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What you think about Texas government right now depends on what you want out of it.
Local or state control of public health restrictions in a pandemic? Should government officials in Austin or local school officials decide whether to hold classes online or in person or both, and whether in-person students should wear masks? Should political minorities be able to block legislation by leaving the state, or should they be forced to work to keep their jobs? Should restaurants risk their state liquor licenses if they require customers to show proof of vaccination to get in?
It’s a weird list of questions, but it’s been a weird couple of weeks.
The latest escalation in coronavirus cases coincides with the commencement of classes in Texas public schools. Parents and educators are debating the safety of returning to campuses, especially with a confounding set of rules in place: Attendance in school is required and is also the basis for state school funding, the state won’t pay for widespread virtual attendance under current law, students under age 12 aren’t eligible for vaccinations, and the governor won’t allow mask mandates.
This part is agreed upon: Students learn more in person than they do online. There’s not a fight — or a new one, anyway — over education. The fight is about practicality and risk: What’s safe, what does staying safe require of everyone involved, and what’s this going to cost?
The courts are busy now and will be for a while. Legal battles over COVID-19 responses and non-responses rage on. Various counties, cities and school districts — including some of the biggest ones — want tighter local restrictions than the state wants to allow. The four biggest counties imposed mask mandates for public schools, for instance, in defiance of the governor’s orders. The federal government is looking at whether it can challenge Gov. Greg Abbott’s ban on mask mandates.
The Legislature that might wrestle with some of these questions has temporarily come to pieces.
The Republican majority in the Texas Senate will pass just about anything the lieutenant governor wants it to pass.
And the House hasn’t had enough people in the room to conduct business for more than a month. Democrats opposed to a GOP voting bill don’t have the numbers to beat it, but they do have enough people to break the quorum in a Legislature where two-thirds of the members have to be present for work to proceed.
One thing the Senate hasn’t passed that Lt. Gov. Dan Patrick wants is a constitutional amendment that would get rid of that quorum rule. It takes two-thirds of the Senate and the House to do that; so far, Patrick is short of votes in the Senate and there aren’t enough people in the House to count noses on the proposal.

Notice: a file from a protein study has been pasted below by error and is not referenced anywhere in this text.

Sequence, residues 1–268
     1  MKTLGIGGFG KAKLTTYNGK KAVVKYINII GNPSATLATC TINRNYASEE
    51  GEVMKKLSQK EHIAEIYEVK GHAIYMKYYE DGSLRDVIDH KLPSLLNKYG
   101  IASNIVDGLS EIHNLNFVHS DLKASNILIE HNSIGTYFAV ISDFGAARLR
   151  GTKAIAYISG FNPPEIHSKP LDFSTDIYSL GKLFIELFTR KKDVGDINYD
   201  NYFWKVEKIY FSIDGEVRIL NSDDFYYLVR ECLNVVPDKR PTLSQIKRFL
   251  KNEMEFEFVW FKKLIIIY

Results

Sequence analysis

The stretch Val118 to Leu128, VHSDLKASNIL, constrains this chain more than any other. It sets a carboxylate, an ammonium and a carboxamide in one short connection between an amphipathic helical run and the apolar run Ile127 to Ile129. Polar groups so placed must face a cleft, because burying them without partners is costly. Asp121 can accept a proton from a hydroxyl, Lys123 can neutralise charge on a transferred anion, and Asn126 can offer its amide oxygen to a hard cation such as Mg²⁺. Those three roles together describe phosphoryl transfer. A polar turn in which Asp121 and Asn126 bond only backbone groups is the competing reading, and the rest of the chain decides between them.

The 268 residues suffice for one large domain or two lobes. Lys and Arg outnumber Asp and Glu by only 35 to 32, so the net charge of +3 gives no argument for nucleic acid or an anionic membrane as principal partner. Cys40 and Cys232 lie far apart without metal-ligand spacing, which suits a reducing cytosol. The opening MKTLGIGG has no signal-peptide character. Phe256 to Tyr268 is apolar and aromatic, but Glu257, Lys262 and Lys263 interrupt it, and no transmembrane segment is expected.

Add that up, and you might conclude that Abbott is winning most of his political fights, some faster than others, but winning just the same.
That delights his supporters and leaves his opponents furious.
The courts are with him. The Texas Supreme Court — the governor used to be a justice there — ruled in favor of his attempt to extort the Legislature by vetoing its budget for the next two years. Abbott struck the legislative budget earlier this summer, when Democrats first blocked the voting bill he supports.
Democrats sued, saying one branch of government can’t kill funding for another branch. The state Supreme Court ruled the Democrats had the means to put that funding back in place, if only they would show up for the session where the governor is pushing a bill they don’t like.
The governor’s move might amount to extortion, but according to the Supremes, that’s no violation of separation of powers.
It was a win for Abbott and his fellow Republicans.
When the Texas House directed state police to round up the truant Democrats and bring them to Austin so the session can proceed, those Democrats sued. The Supremes struck down those efforts, allowing the roundup to proceed.
Another win for Abbott and the Republicans.
Slowly, and with a lot of strain on the relationships that get most legislation passed into law, Abbott is winning his push for restrictive voting legislation and a list of other measures. The courts are backing his use of power to force lawmakers’ action.
His power to boss local governments, school districts and businesses around is still being tested. Those Austin restaurants backed down and remain open. But other venues are testing the governor’s orders in other ways, like asking unvaccinated patrons for COVID-19 test results that prove they’re not infected.
The debates are loud, as they were in past surges of the pandemic that pitted Texans who favor restrictive public health measures to stop the spread against people who’d rather face the health risks of not wearing masks or getting shots or shutting things down.
The political din lately has been, depending on your mindset, good trouble or bad — a sign of a state government that can’t tie its shoes, or of a persistent majority that is in the slow business of crushing its opposition. A lot of this remains unsettled, and there is a bigger, more important battle ahead.
Census numbers were delivered last week, and this same cast of characters will take those and draw the political maps that will be used in Texas elections for the next 10 years.
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